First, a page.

More than any previous contest, the 2004 elections were characterised by varying geometries of interests. This aspect is most evident in the political fortunes of the Left front, which has confounded expectations and won a record number of seats. In Andhra Pradesh and Tamil Nadu, the Left fought as part of multi-party alliances that included the Congress. In Kerala and West Bengal, the Left fought on its own, its principal adversaries being the Congress and its allies. Although to all intents committed to support a Congress-led government at the Centre, the Left won the vast majority of its seats in opposition to the Congress.

A majority of States saw bipolar contests between Congress and BJP-led alliances. Significantly, the BJP won unequivocally in Rajasthan, Madhya Pradesh and Chhattisgarh, where memories of the Congress’ record as the party in authority were fresh. Honours were evenly shared in Gujarat and Maharashtra. In the former, the incumbency disadvantage manifested itself rather rapidly, though the BJP’s unprecedented sweep of the State Assembly is just a year-and-a-half old. In Maharashtra, it took the early brokering of a deal between the NCP and the Congress to outweigh the disadvantage they could otherwise have suffered after close to a full term in power in the State.

Each of the States that the BJP-led alliance lost overwhelmingly - Andhra Pradesh, Bihar, Tamil Nadu, Jharkhand and Delhi - has its own tale to tell. Yet it is significant that where the contest involved three or more players, a credible non-Congress alternative to the BJP seems to have harvested a rich crop of votes - as with the Left in its southern and eastern redoubts, and the Samajwadi Party and the Bahujan Samaj Party in Uttar Pradesh.

It has been a significant outcome in Karnataka - the party that was in the State was voted out, though in concurrent elections to the Assembly, it did not fare as badly as in the contest to the Lok Sabha. The Janata Dal (Secular) of former Prime Minister H.D. Deve Gowda, which had no part in the incumbent governments - whether at the Centre or in the State - has been handsomely rewarded in the Assembly, though its profile in the Lok Sabha remains rather modest. This kind of a fine-grained distinction between national and State level contests, has largely gone unremarked in the torrent of post-poll analyses. But it is not the first time that the people of Karnataka have exhibited this variety of discriminating electoral behaviour.

FUNDAMENTALLY, two statements can be made with little risk of contradiction about the 2004 verdict. The "India Shining" hype for one, has been exploded, and the BJP’s effort to convert the elections into a presidential-style contest between Atal Bihari Vajpayee and Sonia Gandhi failed. There is some evidence, from the National Election Studies cell at the Centre for the Study of Developing Societies (CSDS), New Delhi, that the forceful projection of Vajpayee’s personality did win the NDA some electoral mileage. But the logical obverse of this question: whether an unambiguous projection of Sonia Gandhi as the Congress-led alliance’s prime ministerial candidate would have won it any extra votes, remains unanswered. The CSDS data does show that the Congress would have additionally won something of the order of 2 percentage points in terms of popular vote, if Sonia Gandhi had firmly disavowed all ambitions of being Prime Minister. But before too much is read into this result, it needs to be tested for statistical significance.

Yet, a related question crops up: would it have been prudent for the Congress to advance Sonia Gandhi’s renunciation of the claim to prime ministership - to the beginning of the campaign? There has undoubtedly been an upwelling of goodwill over Manmohan Singh’s appointment to head the government. Would the prior declaration of this intent then have served the Congress well in the elections just concluded? That is a counter-factual question that bears all the potential to stir up intense passions within the Congress. As it embarks on another tenure in power at the Centre, the Congress still seems averse to the notion that durable electoral success hinges on energising its linkages with mass politics, rather than in dependence in perpetuity on dynastic legitimacy.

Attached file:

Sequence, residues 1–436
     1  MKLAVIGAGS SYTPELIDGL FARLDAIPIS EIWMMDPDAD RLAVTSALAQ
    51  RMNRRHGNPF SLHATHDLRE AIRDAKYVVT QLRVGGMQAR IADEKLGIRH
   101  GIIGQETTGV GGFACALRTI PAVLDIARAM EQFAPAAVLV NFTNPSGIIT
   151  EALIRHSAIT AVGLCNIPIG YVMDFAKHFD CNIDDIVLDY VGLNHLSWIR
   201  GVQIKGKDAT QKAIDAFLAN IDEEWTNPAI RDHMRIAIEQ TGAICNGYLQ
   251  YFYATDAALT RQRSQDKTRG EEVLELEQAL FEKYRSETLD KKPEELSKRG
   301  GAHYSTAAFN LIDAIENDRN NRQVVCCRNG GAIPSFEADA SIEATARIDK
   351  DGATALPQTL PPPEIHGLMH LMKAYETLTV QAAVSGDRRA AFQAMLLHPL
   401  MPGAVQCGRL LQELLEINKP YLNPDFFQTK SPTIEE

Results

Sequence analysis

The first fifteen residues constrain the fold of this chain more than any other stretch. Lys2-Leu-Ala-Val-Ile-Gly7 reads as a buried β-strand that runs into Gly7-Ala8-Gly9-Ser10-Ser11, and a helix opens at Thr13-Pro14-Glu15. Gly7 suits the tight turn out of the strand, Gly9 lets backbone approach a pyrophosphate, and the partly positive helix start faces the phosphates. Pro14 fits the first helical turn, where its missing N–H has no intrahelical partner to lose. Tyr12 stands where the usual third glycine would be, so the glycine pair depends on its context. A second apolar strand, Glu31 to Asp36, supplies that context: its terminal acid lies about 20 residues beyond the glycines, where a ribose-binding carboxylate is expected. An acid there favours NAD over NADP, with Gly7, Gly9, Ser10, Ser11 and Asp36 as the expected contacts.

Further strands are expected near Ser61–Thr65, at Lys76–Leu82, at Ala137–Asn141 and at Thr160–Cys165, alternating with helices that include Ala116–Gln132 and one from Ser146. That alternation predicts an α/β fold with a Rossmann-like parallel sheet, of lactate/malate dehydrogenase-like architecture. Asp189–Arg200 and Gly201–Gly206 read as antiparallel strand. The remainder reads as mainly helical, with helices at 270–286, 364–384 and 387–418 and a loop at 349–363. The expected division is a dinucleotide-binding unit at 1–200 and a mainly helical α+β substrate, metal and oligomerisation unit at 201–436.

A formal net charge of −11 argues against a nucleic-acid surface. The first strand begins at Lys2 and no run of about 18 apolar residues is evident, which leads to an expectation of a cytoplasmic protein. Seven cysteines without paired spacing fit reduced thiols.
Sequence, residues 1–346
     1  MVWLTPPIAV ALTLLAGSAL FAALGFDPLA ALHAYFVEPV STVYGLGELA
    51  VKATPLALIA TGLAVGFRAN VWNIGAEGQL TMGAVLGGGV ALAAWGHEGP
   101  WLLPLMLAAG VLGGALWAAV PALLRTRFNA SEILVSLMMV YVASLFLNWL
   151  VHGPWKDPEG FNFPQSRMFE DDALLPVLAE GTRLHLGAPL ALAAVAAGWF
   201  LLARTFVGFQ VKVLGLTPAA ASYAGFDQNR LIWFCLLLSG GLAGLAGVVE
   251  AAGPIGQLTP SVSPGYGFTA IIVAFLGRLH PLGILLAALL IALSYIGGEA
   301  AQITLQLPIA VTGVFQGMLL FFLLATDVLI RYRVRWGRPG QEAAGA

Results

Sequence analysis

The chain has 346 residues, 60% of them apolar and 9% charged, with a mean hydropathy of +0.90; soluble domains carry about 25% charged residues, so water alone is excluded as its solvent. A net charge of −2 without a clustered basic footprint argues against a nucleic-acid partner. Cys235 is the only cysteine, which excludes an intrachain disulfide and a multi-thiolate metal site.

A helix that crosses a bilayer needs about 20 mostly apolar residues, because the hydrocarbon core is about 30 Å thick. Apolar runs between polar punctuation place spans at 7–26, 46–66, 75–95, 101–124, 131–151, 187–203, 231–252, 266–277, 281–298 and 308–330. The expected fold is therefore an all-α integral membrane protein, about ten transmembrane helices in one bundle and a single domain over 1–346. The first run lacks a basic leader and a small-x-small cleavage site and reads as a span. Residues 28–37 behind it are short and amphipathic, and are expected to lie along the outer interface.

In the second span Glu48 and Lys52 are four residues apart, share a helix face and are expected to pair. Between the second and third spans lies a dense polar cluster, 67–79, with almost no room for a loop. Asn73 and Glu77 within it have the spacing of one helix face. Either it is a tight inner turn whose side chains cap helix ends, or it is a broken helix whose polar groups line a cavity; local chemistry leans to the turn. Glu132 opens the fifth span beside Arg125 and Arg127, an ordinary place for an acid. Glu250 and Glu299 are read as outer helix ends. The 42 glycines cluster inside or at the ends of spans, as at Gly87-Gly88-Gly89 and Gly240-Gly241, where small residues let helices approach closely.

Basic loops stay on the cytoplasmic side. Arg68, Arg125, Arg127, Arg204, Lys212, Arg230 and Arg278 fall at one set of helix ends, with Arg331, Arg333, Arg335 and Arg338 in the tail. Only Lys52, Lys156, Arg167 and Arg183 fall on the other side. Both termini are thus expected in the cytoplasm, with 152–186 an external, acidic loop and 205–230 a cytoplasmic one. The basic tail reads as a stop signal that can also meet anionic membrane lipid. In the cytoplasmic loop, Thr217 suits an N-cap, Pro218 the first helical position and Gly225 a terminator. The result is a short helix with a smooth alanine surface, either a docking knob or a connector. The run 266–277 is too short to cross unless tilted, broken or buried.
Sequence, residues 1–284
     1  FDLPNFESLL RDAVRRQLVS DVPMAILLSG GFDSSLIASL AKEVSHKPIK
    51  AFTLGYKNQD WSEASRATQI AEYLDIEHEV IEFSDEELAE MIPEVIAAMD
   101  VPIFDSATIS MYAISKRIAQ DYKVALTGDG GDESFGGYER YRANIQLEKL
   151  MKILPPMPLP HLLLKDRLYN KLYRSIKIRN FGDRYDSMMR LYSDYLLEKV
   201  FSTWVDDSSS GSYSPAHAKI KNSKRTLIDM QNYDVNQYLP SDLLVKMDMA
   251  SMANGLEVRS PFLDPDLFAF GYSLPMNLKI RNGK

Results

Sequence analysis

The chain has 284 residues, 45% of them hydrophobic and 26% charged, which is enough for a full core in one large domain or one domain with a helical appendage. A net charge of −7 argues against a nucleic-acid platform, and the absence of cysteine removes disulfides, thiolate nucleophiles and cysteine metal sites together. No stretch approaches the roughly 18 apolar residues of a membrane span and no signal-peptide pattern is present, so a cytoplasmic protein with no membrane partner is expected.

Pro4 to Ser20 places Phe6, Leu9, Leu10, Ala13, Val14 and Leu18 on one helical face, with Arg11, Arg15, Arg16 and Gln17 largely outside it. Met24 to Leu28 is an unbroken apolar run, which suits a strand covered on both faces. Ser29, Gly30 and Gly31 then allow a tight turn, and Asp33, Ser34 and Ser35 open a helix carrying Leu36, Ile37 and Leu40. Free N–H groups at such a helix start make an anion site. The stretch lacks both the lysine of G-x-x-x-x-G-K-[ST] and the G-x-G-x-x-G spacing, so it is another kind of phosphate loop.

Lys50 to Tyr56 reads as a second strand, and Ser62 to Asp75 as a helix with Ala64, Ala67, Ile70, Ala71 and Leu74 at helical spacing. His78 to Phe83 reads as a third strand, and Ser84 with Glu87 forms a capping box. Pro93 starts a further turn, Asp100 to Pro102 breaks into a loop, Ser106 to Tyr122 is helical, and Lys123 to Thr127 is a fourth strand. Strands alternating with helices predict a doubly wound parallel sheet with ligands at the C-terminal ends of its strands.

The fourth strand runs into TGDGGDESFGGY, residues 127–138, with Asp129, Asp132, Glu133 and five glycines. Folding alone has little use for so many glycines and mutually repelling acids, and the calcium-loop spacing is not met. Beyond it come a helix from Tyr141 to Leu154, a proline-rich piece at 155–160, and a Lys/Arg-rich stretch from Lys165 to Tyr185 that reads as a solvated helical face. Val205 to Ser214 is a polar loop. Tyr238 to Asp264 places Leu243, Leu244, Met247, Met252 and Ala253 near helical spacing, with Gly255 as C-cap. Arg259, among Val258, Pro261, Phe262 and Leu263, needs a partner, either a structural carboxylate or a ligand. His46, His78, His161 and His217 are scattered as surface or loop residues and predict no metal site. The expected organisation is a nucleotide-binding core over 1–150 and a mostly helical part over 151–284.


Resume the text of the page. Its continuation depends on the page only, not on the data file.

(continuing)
The Congress goes into power after a lapse of eight years, after performing a sequence of tortured contortions: the leader of its parliamentary wing has been appointed by the party president rather than elected in accordance with customary democratic procedures. Sonia Gandhi, as party president, has, while forswearing any position in government, been elevated to the newly minted position of chairperson of the parliamentary party.

From this vantage point, she has established a clear principle of ascendancy over the Ministry. Even if the course of politics over the next few months compels Sonia Gandhi to sheath the sword that she holds over Manmohan Singh, internal processes within the Congress raise serious questions about the future of democracy in the hands of a party that does not trust itself to be democratic.

These apart, the Congress also seems overcome by a variety of political amnesia. To emphasise elements of continuity, when the electorate has given an unequivocal mandate for change, may be a sensible strategy to buy time, when the capital markets have evidently reserved judgment on whether the government should dismiss the people and elect another people.

But to speak of going about things in a "business-as-usual" fashion, unmindful of the sections that have lost out over 12 years of neo-liberal economic policies, is clearly to betray the unprecedented consolidation of social forces that brought the Congress back to power after a well-deserved eight years in the wilderness. Several contingent political difficulties litter the path to an alternative economic policy. But the long-term consequence of failing to tread that path may well be political irrelevance.

See online : Frontline

P.S.

Pic 1: Prime Minister Manmohan Singh at Shakti Sthal, the samadhi of Indira Gandhi, in New Delhi on May 23.

Pic 2: MANISH SWARUP/AP; Congress president Sonia Gandhi at Vir Bhoomi, the samadhi of her husband and former Prime Minister Rajiv Gandhi, on May 21, his 13th death anniversary.

Pic 3: DESHAKALYAN CHOWDHURY/AFP; CPI(M) general secretary Harkishan Singh Surjeet.

Pic 4: DESHAKALYAN CHOWDHURY/AFP; CPI(M) leader and Member of Parliament Somnath Chatterjee, who has been offered the Lok Sabha Speaker’s post by the ruling alliance.

in Frontline, volume 21, Issue 12, Jun. 05 - 18, 2004.